Despite a small decrease in the Black student population, the University of Illinois at Urbana-Champaign has seen an increase in nonwhite student enrollment since fall 2019.
Admissions data, publicly available on the university’s website, show the university has seen a net increase in nonwhite student enrollment in the past four years. Nonwhite races and ethnicities logged by the university include Hispanic, Black, Asian, American Indian, Native Hawaiian/Pacific Islander (NHPI), “other,” multiracial and international students.
The change in the number of students enrolled, divided by self-reported race and ethnicity, from fall 2019 to fall 2023 was:
- A small decrease from 2,815 to 2,805 for Black students.
- A 16.3% increase from 5,324 to 6,197 for Hispanic students
- A 34% increase from 7,894 to 10,582 for Asian students
- A 21.4% increase from 1,464 to 1,778 for multiracial students
- A 16% increase from 10,809 to 12,541 for international students
White student enrollment decreased from 21,138 to 20,660 in the same time period, about a 2% decrease.
When considering multiracial Black students, a number tracked separately in the data, the Black student population slightly increased from 3,569 to 3,576. Data shows that the Black population on campus has been predominantly lower than the other racial backgrounds of students.
On June 29, the U.S. Supreme Court made a 6-3 ruling that restricted the use of affirmative action in higher education. This decision marked the end of a longstanding four-decade precedent, which had permitted colleges and universities to take race into broad consideration in their admissions procedures.
Now, the university considers factors such as if a student came from an urban or rural school, if they had access to college preparatory classes and if a student’s parents attended university.
“We’ve had a holistic review process that considers all sorts of factors and that [race] has been one of them,” Robin Kaler, associate chancellor for public affairs at the university, said.
She said that will not be true next year. Instead, the admissions team will look at socioeconomic factors, geography, family education status, and more.
“An individual student’s ability to succeed here is not always reflected in just a test score, for example,” Kaler said.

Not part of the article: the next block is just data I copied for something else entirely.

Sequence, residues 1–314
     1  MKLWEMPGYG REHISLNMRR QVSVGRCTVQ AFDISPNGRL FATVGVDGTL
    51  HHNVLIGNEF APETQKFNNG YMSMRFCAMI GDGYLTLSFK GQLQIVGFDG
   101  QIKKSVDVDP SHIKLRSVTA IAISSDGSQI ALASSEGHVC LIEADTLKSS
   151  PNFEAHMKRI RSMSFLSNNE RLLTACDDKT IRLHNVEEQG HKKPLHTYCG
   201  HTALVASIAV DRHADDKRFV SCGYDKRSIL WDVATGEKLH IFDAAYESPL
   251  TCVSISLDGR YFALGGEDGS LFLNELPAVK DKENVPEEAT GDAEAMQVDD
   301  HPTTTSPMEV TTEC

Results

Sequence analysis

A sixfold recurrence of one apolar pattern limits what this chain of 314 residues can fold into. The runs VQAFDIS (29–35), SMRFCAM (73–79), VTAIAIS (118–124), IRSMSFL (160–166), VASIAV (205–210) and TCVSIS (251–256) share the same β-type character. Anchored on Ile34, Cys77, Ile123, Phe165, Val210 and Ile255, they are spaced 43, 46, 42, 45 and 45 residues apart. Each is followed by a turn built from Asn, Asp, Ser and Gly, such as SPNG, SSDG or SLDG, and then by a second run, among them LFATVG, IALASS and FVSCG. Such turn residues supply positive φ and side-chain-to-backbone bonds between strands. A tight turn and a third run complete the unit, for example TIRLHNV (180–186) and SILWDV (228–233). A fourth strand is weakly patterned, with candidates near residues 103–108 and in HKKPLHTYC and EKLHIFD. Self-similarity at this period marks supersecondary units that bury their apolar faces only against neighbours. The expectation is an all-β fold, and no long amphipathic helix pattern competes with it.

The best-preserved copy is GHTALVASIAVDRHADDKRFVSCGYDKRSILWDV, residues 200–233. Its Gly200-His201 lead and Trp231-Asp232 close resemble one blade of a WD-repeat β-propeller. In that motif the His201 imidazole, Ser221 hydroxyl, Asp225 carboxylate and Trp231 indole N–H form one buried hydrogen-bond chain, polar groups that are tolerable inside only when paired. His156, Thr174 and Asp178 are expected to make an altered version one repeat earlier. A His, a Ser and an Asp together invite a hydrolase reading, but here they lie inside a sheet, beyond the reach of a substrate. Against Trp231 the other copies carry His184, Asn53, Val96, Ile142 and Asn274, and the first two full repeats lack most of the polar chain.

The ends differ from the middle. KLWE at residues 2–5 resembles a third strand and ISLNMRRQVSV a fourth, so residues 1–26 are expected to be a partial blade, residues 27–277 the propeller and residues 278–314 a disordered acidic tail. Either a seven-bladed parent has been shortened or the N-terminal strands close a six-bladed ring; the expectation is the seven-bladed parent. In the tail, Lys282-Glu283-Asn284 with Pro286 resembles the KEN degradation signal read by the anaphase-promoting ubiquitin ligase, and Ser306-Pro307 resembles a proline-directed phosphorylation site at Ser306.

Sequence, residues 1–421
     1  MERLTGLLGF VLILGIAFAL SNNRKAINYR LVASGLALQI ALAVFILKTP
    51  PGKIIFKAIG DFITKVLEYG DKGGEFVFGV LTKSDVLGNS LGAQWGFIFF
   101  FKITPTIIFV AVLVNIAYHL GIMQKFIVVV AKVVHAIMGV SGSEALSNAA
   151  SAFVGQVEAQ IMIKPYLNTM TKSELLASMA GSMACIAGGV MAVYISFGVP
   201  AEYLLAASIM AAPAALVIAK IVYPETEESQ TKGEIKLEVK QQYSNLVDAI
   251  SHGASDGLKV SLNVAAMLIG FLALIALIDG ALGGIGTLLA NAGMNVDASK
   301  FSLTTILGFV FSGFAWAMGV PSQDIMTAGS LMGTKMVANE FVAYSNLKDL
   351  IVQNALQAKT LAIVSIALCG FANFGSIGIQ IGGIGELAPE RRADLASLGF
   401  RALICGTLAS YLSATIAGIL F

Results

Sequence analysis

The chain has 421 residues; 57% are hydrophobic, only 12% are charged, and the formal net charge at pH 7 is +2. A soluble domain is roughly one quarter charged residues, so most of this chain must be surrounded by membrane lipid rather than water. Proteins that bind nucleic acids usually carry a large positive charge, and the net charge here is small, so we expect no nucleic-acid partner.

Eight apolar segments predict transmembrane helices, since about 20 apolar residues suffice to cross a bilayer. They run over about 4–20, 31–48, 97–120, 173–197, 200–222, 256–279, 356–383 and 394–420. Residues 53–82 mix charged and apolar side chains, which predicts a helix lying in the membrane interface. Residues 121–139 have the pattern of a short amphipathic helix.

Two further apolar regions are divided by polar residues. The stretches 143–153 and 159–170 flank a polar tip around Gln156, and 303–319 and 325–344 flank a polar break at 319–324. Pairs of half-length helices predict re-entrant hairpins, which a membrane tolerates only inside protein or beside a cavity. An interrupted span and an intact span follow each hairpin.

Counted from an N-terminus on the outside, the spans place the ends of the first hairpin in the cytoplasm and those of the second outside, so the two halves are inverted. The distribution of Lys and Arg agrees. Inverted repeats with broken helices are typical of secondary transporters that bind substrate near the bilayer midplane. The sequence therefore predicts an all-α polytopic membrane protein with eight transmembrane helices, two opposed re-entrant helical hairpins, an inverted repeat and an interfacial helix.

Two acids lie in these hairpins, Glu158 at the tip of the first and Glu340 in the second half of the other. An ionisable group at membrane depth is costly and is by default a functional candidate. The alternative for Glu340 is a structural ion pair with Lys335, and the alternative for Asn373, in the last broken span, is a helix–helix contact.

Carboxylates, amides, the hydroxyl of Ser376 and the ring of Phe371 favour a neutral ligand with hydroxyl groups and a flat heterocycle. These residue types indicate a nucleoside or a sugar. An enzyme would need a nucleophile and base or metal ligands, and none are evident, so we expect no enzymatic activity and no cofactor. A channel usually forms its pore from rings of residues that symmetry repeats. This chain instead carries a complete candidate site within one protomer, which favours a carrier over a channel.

Despite race no longer being a key determining factor, admissions demographics have shown consistent, and partially stronger diversity among newly enrolled students. However, the Black community still struggles with representation.
Black Students for Revolution, an organization on campus that advocates for Black student voices, has initiated an initiative called Project1000 that seeks to graduate 1,000 Black students every year and increase the number of Black faculty and staff at the university.
“We are under the guise that this community is very diverse, as we see in the numbers specifically, but the Black population here is not as big as we all believe,” Black Students for Revolution co-lead Khalia Mullin said.
Christopher Harris, senior director of executive communications at the university, said the university will continue to seek information about student race and ethnicity.
“CommonApp and myIllini applications will continue to offer an optional question about an applicant’s race/ethnicity for federal and state reporting purposes,” he said. “This information will no longer be loaded into our iAdmit admissions review system. Our admissions reviewers will no longer consider an applicant’s race/ethnicity.”
However, the school still aims to uphold economic mobility.
“Our admissions process will continue to consider the unique educational context of students who hope to be the first in their families to graduate from a 4-year university, and those who are eligible for free and reduced lunch,” Harris said.
The undergraduate admissions process will continue to focus on the diverse, lived experiences and perspectives of individual applicants from all corners of the state. The underrepresentation of Black students is known to the university, and students and faculty are working to bridge this gap despite Supreme Court rulings.